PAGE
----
207260 Predictors of Endoscopic Colorectal Cancer Screening over Time in 11 States

Tuesday, November 10, 2009: 2:35 PM

Lee Mobley, PhD , Discovery and Analytical Sciences, RTI International, Research Triangle Park, NC
Background: Colorectal cancer (CRC) ranks third among all cancer sites in incidence, and second in cancer-related mortality. CRC screening is essential for early detection of colorectal cancer and both reduced morbidity and increased survival among cancer victims, but screening rates are suboptimal.

Objective(s): To study predictors of CRC screening behavior in a cohort of Medicare-enrolled persons over a period during which coverage for CRC screening increased (2000-2005). The study population includes 272,077 men and women who are age 65+ in 2000 and remain alive through 2005, located in 11 SEER Registry states that span all census regions and exhibit heterogeneous socio-demographics.

Methods: We use multilevel logistic regression of a binary probit choice model over two time intervals (2000-2002, 2003-2005) and assess empirically whether predicted effects are different across states and time. Gender, previous cancer diagnosis, disability as the original reason for entitlement, and dual eligibility are key person-specific factors of interest. Social segregation, commuter intensity, availability of CRC screening facilities, availability of oncologists and gastroenterologists, poverty, and income disparity are key environmental variables.

Results : The geographic variation in utilization and its associated factors provide insights regarding the heterogeneity of supply-demand systems and realized utilization of CRC services across the landscape. Men are not universally more likely than women to utilize CRC screening; African Americans are not universally less likely to be screened than whites; and disparities between minorities and whites appear to decrease over time. Policy interventions to improve screening rates should consider local community characteristics.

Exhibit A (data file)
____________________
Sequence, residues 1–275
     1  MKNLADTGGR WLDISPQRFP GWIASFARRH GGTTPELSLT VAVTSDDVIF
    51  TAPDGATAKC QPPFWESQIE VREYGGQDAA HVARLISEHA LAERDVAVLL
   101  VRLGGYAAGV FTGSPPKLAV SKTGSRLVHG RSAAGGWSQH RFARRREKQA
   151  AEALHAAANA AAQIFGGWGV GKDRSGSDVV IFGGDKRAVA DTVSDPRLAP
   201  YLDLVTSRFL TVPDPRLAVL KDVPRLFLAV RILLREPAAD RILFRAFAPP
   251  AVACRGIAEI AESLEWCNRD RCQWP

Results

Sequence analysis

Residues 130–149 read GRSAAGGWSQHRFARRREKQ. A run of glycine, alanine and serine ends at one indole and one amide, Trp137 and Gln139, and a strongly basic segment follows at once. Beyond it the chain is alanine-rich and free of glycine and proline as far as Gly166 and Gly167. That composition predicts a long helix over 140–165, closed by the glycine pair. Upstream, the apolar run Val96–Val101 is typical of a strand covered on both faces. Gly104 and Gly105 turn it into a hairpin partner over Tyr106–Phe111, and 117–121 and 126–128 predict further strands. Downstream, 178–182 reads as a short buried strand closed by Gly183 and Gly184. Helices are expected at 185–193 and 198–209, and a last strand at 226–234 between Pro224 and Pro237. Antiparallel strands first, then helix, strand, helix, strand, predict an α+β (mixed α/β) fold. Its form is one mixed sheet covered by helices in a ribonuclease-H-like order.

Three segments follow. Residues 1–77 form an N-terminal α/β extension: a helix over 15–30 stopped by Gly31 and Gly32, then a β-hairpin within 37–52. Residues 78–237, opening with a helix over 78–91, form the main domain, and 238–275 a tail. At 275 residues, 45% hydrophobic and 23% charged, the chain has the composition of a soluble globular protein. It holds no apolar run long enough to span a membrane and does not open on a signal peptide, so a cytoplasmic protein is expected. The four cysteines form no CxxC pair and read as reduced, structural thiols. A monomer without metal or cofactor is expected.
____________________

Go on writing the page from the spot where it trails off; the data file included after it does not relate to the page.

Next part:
Learning Objectives:
By the end of the session, the participant will be able to recognize that geographic disparities may obscure inter-personal disparities, necessitating separate analyses in different states or regions, rather than pooling data across multiple states. Participants will learn that targeting interventions to communities with especially low screening rates and specific community profiles may be facilitated by the methods used here.

Keywords: Cancer Screening, Access and Services

Presenting author's disclosure statement:

Qualified on the content I am responsible for because: I am the PI on the R01 grant funded by NCI which supports this work
Any relevant financial relationships? No

I agree to comply with the American Public Health Association Conflict of Interest and Commercial Support Guidelines, and to disclose to the participants any off-label or experimental uses of a commercial product or service discussed in my presentation.

See more of: Cancer Screening and Prevention
See more of: Epidemiology